Step 4: Add your Clouds and Stars to Jute
Okay now it’s time to add your jute! I decided that the jute portion below the ring would be about a foot long… so I cut 8 pieces of jute about a foot and a half long. You want enough jute above the ring to tie all 8 strands in a knot and hang the mobile.
Measure all 8 strands about a foot long and tie a knot on each one. This is what the floral and craft ring will rest on once you thread the jute through. Now you can hot glue your clouds and stars onto the 8 jute strands. You should have enough pieces to place 3 pieces onto each string (1 could and 2 stars or 3 different sized stars). Make sure to glue them at different heights so that they hang with a little whimsy!
Gluing them onto the jute is simple… simply put a bit of hot glue on the seam of your star or cloud piece (the set of 3 you’ve already glued together) and then add your jute to the seam making sure it’s in as tight to the center of the star (or cloud) as possible. Then add hot glue to the two sides of the star or cloud and add your fourth piece.
Once you’ve glued the fourth side onto your star (or cloud) you’ll be set with that piece… just work quickly so that you can line up the sides properly.
Keep working your way down all 8 strings of jute until you’ve finished with all your stars and clouds. Then you can thread the jute up through the holes in your floral and craft ring so that they’re evenly spaced!
TIP: I didn’t like the brown look of the floral and craft ring so I spray painted mine silver to match my poster board… also what kind of name is floral and craft ring? It’s long and annoying!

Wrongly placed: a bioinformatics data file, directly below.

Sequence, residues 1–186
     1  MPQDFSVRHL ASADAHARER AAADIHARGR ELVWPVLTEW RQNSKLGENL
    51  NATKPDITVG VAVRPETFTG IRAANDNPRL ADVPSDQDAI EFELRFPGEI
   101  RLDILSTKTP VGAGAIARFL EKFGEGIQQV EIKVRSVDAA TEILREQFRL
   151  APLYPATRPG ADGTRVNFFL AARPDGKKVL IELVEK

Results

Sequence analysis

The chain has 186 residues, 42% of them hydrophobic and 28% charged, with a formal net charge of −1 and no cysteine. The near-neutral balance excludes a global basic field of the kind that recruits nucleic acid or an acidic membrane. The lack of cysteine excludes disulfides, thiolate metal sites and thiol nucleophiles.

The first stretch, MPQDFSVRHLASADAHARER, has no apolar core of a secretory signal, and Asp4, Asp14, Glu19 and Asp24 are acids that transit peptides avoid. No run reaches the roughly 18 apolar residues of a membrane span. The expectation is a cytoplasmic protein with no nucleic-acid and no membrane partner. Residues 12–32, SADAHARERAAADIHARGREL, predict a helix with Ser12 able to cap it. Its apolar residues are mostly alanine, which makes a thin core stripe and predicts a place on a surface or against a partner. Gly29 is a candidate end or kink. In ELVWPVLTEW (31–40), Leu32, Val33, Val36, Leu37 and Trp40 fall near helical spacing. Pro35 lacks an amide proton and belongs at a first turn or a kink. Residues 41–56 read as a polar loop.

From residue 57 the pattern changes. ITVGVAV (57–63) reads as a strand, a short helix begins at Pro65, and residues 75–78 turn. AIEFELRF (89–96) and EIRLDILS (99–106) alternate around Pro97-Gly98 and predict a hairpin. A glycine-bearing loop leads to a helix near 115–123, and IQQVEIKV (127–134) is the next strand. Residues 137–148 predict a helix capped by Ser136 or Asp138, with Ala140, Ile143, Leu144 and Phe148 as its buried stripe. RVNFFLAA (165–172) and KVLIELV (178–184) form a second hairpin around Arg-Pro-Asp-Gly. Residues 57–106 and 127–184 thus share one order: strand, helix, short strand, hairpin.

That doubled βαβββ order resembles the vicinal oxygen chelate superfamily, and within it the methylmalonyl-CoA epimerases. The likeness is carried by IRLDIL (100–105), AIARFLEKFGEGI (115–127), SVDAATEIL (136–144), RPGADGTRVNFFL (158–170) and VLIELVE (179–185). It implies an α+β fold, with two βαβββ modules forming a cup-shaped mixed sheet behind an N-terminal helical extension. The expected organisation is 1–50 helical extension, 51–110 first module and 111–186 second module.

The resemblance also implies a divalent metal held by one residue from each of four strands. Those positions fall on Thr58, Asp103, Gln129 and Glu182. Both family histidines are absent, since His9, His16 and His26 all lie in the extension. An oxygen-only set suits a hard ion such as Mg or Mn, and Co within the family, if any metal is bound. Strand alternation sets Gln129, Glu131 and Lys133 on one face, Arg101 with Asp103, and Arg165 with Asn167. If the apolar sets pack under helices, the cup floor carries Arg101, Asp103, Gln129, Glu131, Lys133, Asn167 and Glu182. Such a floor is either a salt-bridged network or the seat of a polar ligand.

Step 5: Create Your Ribbon Ring
This may be the best part of the whole thing! Technically after placing all your stars and clouds on the first ring you could call it finished… but I wanted another touch of whimsy! SO I cut a bunch of ribbon….. alll the ribbon in the supply list into 2 foot long strips.
Then I simply tied them onto my smaller craft ring. I tied each strand of ribbon in the middle so that about a foot of ribbon was hanging down allllllll the way around the ring… and I tied on lots and lots of ribbons because I wanted it to be really full. That way you couldn’t necessarily see one side of the mobile from the other.
I tied four pieces of jute to the craft ring (technically I did this first so that the ribbon would cover the jute knots) so that I could hang my ribbon ring in the center of my stars and clouds.
Once my ribbon ring was finished I placed it in the center of the floral and craft ring with my moon cut out in the very center. I staggered the whole thing so that the moon was the longest and then the ribbon ring, stars and clouds.
Once I had everything hanging in the right formation I simply knotted allllll the jute at the top. Then I cut off all the extra jute from the top of the knot leaving only 1 loop to hang my mobile. I wrapped the knot in a spare bit of ribbon and hot glued it in place so that it looked finished and volia!
You’re all set! Ready for the final reveal?
Step 6: Hang and Enjoy!
I realllly like how sweet this little guy turned out! The three dimensional stars are adorable and that little moon is just too cute.
Of course, I think the ribbon ring is my favorite which is a little ironic.
My mom is too much of a perfectionist and doesn’t love how all of the stars lined up but I think that’s user error lol. I’m not great at lining up the little stars before the hot glue set! Either way I think it turned out wonderfully… what do you think?
Psst… need help setting up your Cricut Maker? Check out this post!